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Carmen Basilio-Sugar Ray Robinson 2: Warfare never to be seen again

Basilio drives Robinson to the ropes in their 1958 rematch. Photo by Ernst Haas/Hulton Archive/Getty Images
25
Mar

A lot has happened in boxing over the past 63 years. Much change has been initiated. Where once there were eight classic weight divisions with one universally accepted world champion in each, there are now 17 divisions, with four self-important “major” sanctioning bodies asserting that their alphabetized titleholders are the true claimants to such a designation. Some of today’s champs, particularly elite ones, get paid much more to fight far less often than their predecessors. Enhanced safety standards have led to the abolishment of 15-round title bouts with 12-rounders now in their stead, and bouts in which a particular fighter is deemed to be absorbing too much punishment are stopped much more quickly than had been the case in past generations.

In light of those developments, what happened the night of March 25, 1958, in Chicago Stadium is a prime example of what used to be but no longer is, a historically significant event perhaps beyond replication. The legendary Sugar Ray Robinson’s 15-round split decision win over defending middleweight ruler Carmen Basilio elevated him to dominion over the 160-pound weight class for the fifth time, a record that now seems as unreachable to current practitioners of the pugilistic arts as is Archie Moore’s long-standing and incredible stockpile of 132 knockout victories.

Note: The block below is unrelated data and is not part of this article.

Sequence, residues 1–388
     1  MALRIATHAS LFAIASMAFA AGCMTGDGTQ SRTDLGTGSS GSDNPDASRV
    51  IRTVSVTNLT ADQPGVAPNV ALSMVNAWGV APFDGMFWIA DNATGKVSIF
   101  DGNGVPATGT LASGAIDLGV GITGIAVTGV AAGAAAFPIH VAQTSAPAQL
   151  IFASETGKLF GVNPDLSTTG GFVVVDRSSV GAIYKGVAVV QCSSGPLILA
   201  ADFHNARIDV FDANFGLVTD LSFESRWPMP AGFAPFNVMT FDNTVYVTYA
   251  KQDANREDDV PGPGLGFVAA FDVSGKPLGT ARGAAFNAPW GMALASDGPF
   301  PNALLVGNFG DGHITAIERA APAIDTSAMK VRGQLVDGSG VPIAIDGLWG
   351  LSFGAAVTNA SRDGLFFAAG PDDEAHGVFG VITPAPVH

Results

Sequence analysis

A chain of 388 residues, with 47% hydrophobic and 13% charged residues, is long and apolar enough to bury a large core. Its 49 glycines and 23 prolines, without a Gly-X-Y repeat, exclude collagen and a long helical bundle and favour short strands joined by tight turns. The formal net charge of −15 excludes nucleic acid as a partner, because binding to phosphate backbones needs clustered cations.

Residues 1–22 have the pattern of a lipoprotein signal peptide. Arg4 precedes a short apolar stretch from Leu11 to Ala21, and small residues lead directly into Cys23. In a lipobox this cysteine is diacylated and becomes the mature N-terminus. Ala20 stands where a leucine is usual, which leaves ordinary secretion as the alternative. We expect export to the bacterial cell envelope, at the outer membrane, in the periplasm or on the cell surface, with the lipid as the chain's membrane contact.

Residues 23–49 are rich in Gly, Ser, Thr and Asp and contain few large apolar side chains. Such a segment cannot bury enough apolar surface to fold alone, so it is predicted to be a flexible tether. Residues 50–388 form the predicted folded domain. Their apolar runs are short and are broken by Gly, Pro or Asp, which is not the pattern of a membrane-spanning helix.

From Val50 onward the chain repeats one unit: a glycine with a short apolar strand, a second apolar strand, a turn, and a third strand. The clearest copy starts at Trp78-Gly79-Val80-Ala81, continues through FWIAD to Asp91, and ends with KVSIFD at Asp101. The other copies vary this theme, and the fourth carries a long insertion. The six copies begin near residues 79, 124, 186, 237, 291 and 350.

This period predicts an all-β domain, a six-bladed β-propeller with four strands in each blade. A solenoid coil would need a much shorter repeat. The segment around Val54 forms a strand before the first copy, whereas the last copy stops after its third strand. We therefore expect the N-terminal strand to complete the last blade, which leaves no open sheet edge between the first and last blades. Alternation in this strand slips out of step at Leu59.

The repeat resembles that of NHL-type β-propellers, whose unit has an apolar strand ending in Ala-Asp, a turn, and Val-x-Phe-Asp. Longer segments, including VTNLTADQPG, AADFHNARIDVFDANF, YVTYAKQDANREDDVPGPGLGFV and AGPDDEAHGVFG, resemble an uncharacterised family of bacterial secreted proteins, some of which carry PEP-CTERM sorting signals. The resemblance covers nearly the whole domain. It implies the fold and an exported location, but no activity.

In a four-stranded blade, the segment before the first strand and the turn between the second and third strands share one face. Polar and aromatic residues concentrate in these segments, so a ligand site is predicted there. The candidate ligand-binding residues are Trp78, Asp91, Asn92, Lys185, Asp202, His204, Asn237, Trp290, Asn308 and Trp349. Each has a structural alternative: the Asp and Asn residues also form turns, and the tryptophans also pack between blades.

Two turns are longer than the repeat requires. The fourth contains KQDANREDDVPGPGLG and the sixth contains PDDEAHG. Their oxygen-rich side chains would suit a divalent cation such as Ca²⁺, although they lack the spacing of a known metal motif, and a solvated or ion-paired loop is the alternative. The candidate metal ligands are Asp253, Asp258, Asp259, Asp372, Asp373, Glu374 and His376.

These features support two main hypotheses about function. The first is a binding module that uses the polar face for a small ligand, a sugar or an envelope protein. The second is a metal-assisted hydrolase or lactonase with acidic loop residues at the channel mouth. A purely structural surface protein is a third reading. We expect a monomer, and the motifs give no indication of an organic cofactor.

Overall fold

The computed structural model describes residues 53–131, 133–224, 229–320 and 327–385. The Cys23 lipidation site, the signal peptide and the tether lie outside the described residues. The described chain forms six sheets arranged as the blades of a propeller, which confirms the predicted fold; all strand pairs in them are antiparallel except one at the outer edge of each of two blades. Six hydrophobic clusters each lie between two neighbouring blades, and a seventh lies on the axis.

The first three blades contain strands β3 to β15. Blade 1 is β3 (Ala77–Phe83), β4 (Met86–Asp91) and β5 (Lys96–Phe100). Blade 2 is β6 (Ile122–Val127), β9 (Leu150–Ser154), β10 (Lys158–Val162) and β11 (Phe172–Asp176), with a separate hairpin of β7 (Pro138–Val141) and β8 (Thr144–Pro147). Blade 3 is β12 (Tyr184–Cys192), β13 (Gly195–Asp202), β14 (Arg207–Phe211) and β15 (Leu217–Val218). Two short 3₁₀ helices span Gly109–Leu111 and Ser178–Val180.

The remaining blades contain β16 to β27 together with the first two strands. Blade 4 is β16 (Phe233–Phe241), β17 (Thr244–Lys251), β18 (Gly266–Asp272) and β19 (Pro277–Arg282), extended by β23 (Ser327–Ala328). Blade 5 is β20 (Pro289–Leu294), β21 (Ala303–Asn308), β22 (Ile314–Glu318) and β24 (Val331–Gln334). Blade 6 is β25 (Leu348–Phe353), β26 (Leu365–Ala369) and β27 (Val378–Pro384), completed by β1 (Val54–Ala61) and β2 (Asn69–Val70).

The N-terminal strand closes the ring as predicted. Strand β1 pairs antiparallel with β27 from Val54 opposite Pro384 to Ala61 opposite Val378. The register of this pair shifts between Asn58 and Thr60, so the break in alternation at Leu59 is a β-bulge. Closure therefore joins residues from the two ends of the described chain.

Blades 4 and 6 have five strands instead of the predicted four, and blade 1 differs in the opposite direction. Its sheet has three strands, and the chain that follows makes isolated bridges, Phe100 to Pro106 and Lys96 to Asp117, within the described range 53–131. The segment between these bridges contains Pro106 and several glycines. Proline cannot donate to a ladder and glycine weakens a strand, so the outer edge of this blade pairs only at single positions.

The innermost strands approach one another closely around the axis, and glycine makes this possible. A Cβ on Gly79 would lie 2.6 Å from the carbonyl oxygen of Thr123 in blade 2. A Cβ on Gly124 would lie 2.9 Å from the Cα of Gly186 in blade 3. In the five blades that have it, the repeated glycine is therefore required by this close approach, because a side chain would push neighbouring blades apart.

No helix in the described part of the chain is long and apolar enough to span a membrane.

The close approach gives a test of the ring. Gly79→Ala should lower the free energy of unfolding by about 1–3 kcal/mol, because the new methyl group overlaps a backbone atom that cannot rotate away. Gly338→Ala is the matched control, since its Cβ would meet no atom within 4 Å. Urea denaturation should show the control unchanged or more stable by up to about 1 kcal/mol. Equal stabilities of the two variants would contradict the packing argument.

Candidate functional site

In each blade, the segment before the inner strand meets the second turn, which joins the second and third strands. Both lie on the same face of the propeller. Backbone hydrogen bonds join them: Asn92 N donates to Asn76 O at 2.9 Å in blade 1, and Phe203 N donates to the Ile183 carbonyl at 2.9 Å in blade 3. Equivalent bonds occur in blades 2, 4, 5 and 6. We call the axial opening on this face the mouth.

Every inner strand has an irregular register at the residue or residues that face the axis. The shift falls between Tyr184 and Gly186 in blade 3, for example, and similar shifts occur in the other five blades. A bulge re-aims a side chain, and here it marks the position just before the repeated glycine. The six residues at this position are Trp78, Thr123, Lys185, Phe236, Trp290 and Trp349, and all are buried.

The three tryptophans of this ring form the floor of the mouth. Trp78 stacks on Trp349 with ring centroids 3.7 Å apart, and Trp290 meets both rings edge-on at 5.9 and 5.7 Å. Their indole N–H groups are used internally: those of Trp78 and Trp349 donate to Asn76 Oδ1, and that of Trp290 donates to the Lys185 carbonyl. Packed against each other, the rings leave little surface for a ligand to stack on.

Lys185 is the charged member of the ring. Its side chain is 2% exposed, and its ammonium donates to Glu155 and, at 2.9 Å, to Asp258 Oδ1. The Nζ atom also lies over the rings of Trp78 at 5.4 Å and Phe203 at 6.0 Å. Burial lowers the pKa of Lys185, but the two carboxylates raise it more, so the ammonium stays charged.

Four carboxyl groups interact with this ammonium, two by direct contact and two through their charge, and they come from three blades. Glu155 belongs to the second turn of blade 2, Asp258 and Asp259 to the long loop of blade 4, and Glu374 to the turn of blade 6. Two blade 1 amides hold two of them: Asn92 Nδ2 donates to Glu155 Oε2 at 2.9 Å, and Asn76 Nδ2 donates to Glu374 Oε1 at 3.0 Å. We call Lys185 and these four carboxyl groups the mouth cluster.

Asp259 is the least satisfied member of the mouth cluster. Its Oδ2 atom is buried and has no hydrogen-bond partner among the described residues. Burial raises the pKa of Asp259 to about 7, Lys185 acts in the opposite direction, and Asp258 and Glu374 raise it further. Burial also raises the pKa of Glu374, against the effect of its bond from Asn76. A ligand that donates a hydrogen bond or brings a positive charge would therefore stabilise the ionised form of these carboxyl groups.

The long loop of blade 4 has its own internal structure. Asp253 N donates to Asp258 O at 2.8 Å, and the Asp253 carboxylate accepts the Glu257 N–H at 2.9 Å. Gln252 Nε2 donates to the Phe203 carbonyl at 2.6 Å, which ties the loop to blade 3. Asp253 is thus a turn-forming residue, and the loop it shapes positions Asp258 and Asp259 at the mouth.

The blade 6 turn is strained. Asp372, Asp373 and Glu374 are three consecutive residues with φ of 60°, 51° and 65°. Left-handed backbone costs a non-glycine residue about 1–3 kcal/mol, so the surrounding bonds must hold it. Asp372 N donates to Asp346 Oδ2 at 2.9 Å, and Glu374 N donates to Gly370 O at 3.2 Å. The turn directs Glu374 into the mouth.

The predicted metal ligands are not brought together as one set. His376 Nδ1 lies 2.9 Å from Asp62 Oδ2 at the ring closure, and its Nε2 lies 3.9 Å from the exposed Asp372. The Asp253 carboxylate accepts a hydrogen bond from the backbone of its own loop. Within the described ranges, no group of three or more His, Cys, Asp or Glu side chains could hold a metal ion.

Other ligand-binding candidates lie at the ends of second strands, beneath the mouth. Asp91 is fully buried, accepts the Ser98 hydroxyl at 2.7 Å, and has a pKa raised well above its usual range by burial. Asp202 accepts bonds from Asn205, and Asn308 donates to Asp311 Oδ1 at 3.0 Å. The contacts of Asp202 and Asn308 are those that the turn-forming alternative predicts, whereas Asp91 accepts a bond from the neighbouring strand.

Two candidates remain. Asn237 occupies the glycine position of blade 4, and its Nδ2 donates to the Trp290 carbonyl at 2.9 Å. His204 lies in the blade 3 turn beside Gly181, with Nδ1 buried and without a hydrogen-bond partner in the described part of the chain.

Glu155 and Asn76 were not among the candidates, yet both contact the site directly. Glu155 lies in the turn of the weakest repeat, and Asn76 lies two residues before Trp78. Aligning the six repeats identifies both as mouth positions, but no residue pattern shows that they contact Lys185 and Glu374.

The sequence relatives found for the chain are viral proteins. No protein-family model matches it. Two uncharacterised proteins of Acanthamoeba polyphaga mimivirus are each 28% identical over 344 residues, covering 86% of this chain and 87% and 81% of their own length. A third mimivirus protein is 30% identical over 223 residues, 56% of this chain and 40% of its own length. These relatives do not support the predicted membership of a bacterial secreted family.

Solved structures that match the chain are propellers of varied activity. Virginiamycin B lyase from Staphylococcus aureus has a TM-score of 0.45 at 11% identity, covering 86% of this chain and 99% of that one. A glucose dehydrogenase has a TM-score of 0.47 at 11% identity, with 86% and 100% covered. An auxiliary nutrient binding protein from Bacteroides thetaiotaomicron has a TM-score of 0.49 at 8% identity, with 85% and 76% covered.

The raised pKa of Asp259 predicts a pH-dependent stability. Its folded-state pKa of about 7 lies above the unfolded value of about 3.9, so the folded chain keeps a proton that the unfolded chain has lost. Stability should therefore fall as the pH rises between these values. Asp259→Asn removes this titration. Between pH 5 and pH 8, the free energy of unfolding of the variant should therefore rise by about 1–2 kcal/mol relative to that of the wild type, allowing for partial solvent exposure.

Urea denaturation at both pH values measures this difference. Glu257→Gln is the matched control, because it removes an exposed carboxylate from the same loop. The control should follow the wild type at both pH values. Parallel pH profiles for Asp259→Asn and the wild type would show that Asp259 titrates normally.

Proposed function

Perhaps as notable as the original Sugar Ray’s cha-cha of bejeweled middleweight belts won and lost or relinquished was the sight of the valiant Basilio in his first and only defense of that title. Fighting from the sixth round on with a massive, purplish hematoma on his totally closed left eye, the undersized “Upstate Onion Farmer,” the inspiration for the establishment of the International Boxing Hall of Fame in his hometown of Canastota, New York, went toe-to-toe with Robinson for nine-plus rounds with his vision severely restricted by something that resembled a rotting eggplant.

November 1957 issue

Robinson and Basilio had set the stage for what was justifiably named The Ring’s 1958 Fight of the Year by engaging in a virtually identical blood-and-guts showdown six months earlier in Yankee Stadium. Basilio, the reigning welterweight champion, had lifted Sugar Ray’s crown on, natch, another 15-round split decision that was fraught with excitement and two-way action. That fight, which took place on September 23, 1957, also was anointed as The Ring’s Fight of the Year. But if Robinson’s collection of five undisputed middleweight championships seems remarkable, and it does, consider this: action hero Basilio was a participant in The Bible of Boxing’s FOY for five years inclusive, from 1955 through ’59, the others being knockouts of Tony DeMarco (1955) and Johnny Saxton (1956) in rematches, and a knockout loss to Gene Fullmer (1959) in the first of their two matchups.